The results presented do have several limitations. First, the NTDB data are not generalizable to the entire nation. Rather, they are only applicable to the population studied: children who present to trauma centers participating in NTDB data collection. Selection bias may be present in this study as only those injuries that are deemed to be severe enough (whether this is done by parents or a medical professional) for presentation to a trauma center are represented here. Undoubtedly, many dog bites occur that do not present to trauma centers (even if they should). Given that so many minor face bites were present in the data, it may be possible that many of these cases are presenting to trauma centers for primarily cosmetic surgery. In addition, AIS body region codes do not take into account the possibility of multiple injuries in a patient, meaning that our analysis of body region may be slightly lacking. Finally, this sample likely does suffer from under-reporting due to issues with data coding, including ICD-9 primary and location E-codes, as well as injury severity score.

Conclusion

For those children ages 0–17 who present with a dog bite to trauma centers participating in the NTDB, we find that the child is most likely to be between the ages 6 and 12, female and have been bitten on the face at home, resulting in injuries classified as minor. The significantly narrower age range of 0 to 2 years is also of importance because it holds a similar number of children to the 6 to 12 range. Age was clearly shown to predict the location of the incident, as well as the body region of the bite, indicating a potential pattern of injuries involving known dogs in the home in this sample. These results may inform future preventive efforts, allowing them to target those that are most at risk for dog bites, ultimately improving outcomes in this population. The results generated here are indicative of a need for parents to be educated on the best way to prevent dog bites at home in their young children. Children age 2 and younger are generally unable to make decisions as to whether a given dog is displaying signs of aggression or not, and thus cannot extricate themselves from a dangerous situation.19 Therefore, the burden of preventing such injuries in young children falls ultimately on parents. School-age (ie, 6–12 years old) and older children will likely benefit from behavioral modification approaches as well as education on how to detect signs of aggression in dogs.23 Our study indicates that the majority of dog bites occur in the home, which likely means that the majority of dog bites are received from dogs that are known to the affected children, or at least to the parents. These types of injuries are preventable, likely through something as simple as live dog training, as outlined in previous research, for adults and children of appropriate age levels.3 Preventing such injuries would confer significant benefit to the health of the pediatric population as demonstrated by this study.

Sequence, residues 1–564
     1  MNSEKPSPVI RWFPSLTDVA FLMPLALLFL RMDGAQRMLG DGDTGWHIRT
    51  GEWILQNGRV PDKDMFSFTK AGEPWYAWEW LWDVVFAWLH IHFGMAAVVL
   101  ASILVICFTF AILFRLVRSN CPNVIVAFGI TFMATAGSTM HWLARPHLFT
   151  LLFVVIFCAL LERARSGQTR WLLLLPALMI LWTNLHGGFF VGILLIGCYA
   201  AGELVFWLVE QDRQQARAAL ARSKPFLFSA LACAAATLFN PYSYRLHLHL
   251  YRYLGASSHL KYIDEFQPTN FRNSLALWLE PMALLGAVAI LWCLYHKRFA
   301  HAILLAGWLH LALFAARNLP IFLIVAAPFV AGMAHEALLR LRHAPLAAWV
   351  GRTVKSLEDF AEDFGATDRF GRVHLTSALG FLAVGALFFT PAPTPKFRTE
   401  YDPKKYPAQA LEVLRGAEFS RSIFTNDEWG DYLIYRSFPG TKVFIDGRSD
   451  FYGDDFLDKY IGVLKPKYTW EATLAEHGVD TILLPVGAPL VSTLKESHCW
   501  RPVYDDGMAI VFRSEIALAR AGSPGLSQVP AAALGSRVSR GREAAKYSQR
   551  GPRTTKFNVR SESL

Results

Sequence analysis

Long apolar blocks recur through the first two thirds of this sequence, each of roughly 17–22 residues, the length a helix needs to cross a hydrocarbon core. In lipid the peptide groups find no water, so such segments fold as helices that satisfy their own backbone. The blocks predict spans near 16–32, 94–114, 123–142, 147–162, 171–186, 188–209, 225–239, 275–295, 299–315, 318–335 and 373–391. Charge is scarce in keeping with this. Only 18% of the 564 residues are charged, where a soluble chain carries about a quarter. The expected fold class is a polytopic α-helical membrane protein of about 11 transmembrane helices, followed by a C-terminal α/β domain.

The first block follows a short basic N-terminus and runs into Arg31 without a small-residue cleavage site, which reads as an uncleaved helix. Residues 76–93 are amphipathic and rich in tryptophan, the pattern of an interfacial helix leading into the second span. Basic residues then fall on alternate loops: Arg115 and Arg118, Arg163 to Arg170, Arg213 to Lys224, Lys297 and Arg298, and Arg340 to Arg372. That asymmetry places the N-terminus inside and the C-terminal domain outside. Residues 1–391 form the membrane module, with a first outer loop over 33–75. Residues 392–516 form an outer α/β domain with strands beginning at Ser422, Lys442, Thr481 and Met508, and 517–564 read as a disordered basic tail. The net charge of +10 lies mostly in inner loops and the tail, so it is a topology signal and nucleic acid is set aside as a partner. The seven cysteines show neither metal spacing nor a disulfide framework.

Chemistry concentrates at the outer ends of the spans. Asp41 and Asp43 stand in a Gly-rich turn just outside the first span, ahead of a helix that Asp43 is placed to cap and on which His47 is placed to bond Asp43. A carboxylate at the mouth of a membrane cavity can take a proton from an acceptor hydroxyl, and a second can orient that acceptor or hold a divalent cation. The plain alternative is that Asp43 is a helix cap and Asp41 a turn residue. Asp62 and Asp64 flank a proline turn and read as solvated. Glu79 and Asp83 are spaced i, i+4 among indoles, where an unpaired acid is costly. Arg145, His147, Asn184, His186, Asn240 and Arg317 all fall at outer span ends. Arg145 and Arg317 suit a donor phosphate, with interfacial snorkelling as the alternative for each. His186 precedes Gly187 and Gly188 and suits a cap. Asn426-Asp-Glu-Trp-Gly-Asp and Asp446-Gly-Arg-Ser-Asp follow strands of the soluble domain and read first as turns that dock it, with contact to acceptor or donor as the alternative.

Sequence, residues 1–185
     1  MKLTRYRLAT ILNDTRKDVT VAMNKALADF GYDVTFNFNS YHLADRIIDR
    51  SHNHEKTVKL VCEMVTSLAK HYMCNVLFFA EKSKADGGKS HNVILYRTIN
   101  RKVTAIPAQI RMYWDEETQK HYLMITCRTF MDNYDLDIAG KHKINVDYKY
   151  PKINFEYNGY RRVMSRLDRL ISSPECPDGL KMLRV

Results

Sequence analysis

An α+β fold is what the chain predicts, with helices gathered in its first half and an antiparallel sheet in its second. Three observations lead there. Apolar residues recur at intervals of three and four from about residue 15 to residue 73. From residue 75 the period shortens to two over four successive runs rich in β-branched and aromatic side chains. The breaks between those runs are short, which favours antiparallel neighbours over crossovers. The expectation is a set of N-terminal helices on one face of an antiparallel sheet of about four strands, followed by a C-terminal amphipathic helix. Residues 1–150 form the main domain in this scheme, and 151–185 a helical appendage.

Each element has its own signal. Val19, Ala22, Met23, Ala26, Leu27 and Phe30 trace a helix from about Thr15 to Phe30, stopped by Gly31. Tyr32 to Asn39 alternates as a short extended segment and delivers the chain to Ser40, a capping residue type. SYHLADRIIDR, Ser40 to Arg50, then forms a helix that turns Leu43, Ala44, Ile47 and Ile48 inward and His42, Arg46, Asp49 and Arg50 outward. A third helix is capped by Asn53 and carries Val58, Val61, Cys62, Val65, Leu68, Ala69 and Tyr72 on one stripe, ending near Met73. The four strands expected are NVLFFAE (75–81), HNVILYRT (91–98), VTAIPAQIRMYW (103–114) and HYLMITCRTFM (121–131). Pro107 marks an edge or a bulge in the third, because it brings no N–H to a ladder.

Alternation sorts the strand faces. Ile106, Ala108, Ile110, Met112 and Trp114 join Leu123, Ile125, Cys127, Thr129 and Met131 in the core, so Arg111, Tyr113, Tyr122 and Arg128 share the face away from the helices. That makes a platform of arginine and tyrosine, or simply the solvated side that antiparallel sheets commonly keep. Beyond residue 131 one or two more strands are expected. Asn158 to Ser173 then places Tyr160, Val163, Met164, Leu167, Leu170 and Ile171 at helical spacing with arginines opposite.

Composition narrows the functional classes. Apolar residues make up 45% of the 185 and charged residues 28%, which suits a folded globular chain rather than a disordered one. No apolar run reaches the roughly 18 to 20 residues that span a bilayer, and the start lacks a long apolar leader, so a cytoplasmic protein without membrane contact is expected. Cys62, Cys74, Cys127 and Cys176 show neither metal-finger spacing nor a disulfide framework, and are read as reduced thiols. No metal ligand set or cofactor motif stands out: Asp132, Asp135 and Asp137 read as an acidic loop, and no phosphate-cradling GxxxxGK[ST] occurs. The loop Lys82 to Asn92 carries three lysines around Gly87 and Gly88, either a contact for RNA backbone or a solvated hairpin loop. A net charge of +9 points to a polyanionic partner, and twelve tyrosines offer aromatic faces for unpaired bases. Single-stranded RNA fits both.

What is already known on this subject

  • 2.5 million children are bitten by dogs per year in the USA, indicating that dog bites are a significant source of morbidity in this population.

  • Live dog training is a more effective prevention tool than education, but it is resource intensive.

  • Previous studies indicate that boys under age 12 are at risk, but most studies lack a national focus.

What this study adds

  • On a national scale, girls under age 2 are the most likely to be bitten and the most likely to receive the most severe dog bites.

  • Such bites are most likely to occur at home, where parents can supervise children and dogs.

  • Interventions, including live dog training, should focus on reaching the parents of the youngest children.

Acknowledgments

The authors would like to thank those people at the Trauma Program of the Children’s Hospital of Los Angeles who contributed their time and effort to make the Pediatric Injury Prevention Scholars program, and thus this research, a reality.

References

Footnotes

  • Contributors JF conceived this study, analysed the data retrieved and prepared the manuscript for publication. DB assisted in data analysis and helped to prepare the manuscript for publication. JSU helped to prepare the manuscript for publication. RVB assisted in study conception, data analysis and manuscript preparation. All authors read and approved the final manuscript.

  • Funding This research received no specific grant from any funding agency in the public, commercial or not-for-profit sectors.

  • Competing interests None declared.

  • Ethics approval This study was approved by Children’s Hospital Los Angeles’ IRB (CHLA-16-00401). All data used in this study originate from a database, with subjects giving consent to have their data included.

  • Provenance and peer review Not commissioned; externally peer reviewed.

  • Data sharing statement All data used by this study are publicly available for purchase via the American College of Surgeons.